Learn To Code The Hard Way
Since I was coming in during the last half of the summer vacation, there were a couple weeks of downtime at my school before lessons officially began again.
I immediately got started with a search on how I could break into the tech industry.
I quickly learned there were so many different avenues to get started and it was totally overwhelming. So I decided to start out with the basics and thought I’d go back to revisiting my HTML & CSS skills first. My first encounter with these markup languages goes back to when I had a Xanga account. Using it’s “Weblog”, I’d often mess around with the HTML formatting when writing posts and I’d always be fascinated with what kind of changes were made when using different tags.
It’s also worth mentioning that during this time, I wasn’t immediately sure as to which area in the industry I wanted to get into, or rather, which area would suit me best. So, I ended up trying a lot of languages and taking many different courses on various platforms. Some of those platforms that really excelled my learning were:
The first programming language I really spent time studying was Python. The book I used for learning it was Learn Python The Hard Way by Zed Shaw. A lot of my fundamental programming knowledge came from this language and book. Other programming languages & frameworks I learned/tried out included:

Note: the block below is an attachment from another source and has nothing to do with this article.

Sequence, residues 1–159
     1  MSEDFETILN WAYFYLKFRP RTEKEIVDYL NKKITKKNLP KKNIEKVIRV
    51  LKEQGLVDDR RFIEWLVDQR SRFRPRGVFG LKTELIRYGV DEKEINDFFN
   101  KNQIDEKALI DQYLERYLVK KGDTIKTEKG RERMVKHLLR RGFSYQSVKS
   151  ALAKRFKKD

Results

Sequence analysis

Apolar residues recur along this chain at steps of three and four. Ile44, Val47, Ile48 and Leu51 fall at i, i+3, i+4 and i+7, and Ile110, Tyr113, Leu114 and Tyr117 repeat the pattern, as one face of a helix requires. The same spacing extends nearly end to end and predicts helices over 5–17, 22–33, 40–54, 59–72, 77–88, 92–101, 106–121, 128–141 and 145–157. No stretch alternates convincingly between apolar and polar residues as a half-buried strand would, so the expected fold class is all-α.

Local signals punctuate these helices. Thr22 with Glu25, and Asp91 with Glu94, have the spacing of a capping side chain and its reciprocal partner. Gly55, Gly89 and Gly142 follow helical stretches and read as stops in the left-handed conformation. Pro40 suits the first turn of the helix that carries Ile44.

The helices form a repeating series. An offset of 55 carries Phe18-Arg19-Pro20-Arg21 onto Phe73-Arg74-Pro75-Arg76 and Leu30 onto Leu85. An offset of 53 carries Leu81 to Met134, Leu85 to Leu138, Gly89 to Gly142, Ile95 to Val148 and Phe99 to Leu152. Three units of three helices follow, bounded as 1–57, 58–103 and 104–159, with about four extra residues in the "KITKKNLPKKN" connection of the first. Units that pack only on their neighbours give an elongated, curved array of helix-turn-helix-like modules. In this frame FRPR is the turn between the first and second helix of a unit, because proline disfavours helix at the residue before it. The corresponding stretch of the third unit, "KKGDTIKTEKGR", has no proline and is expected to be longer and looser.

Some web development frameworks I learned and worked with were:
During this time, I also became comfortable using my Mac Terminal, setting up test environments, different CLI tools, and version control tools like Git & GitHub. I even got into web design for a bit, explored the Adobe Suite, and learned the business side of freelancing and entrepreneurship.
I was all over the place for the first couple of years trying to find my niche.
But it was from my newfound knowledge from a freelancing course I took that convinced me that I should start a personal brand, or at least invest in a personal website. It made sense. I was planning on creating an online portfolio anyway, so I decided to finally invest in web hosting and a domain.
I got all setup within a day. I had my hosting. I had my domain. But now what? Where’s my site, and how do I use this? It just so happens from the very same freelancing course, I was also introduced to and taught how to use an open source software that now powers over 30% of all websites on the web — WordPress.
And from that point on, the rest was history…